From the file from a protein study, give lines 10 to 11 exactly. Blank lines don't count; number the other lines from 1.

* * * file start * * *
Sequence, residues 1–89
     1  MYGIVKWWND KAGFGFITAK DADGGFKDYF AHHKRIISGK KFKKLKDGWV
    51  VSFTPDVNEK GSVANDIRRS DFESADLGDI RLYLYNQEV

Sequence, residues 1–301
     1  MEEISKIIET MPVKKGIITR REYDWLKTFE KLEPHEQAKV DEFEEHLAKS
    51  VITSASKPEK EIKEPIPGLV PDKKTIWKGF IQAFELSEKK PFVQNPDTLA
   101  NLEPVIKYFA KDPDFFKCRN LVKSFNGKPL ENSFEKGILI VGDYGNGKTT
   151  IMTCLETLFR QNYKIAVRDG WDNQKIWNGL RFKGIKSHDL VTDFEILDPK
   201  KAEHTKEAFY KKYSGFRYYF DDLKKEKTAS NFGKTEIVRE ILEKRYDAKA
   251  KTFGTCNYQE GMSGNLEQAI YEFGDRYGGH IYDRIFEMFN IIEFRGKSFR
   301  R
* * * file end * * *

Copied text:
   251  KTFGTCNYQE GMSGNLEQAI YEFGDRYGGH IYDRIFEMFN IIEFRGKSFR
   301  R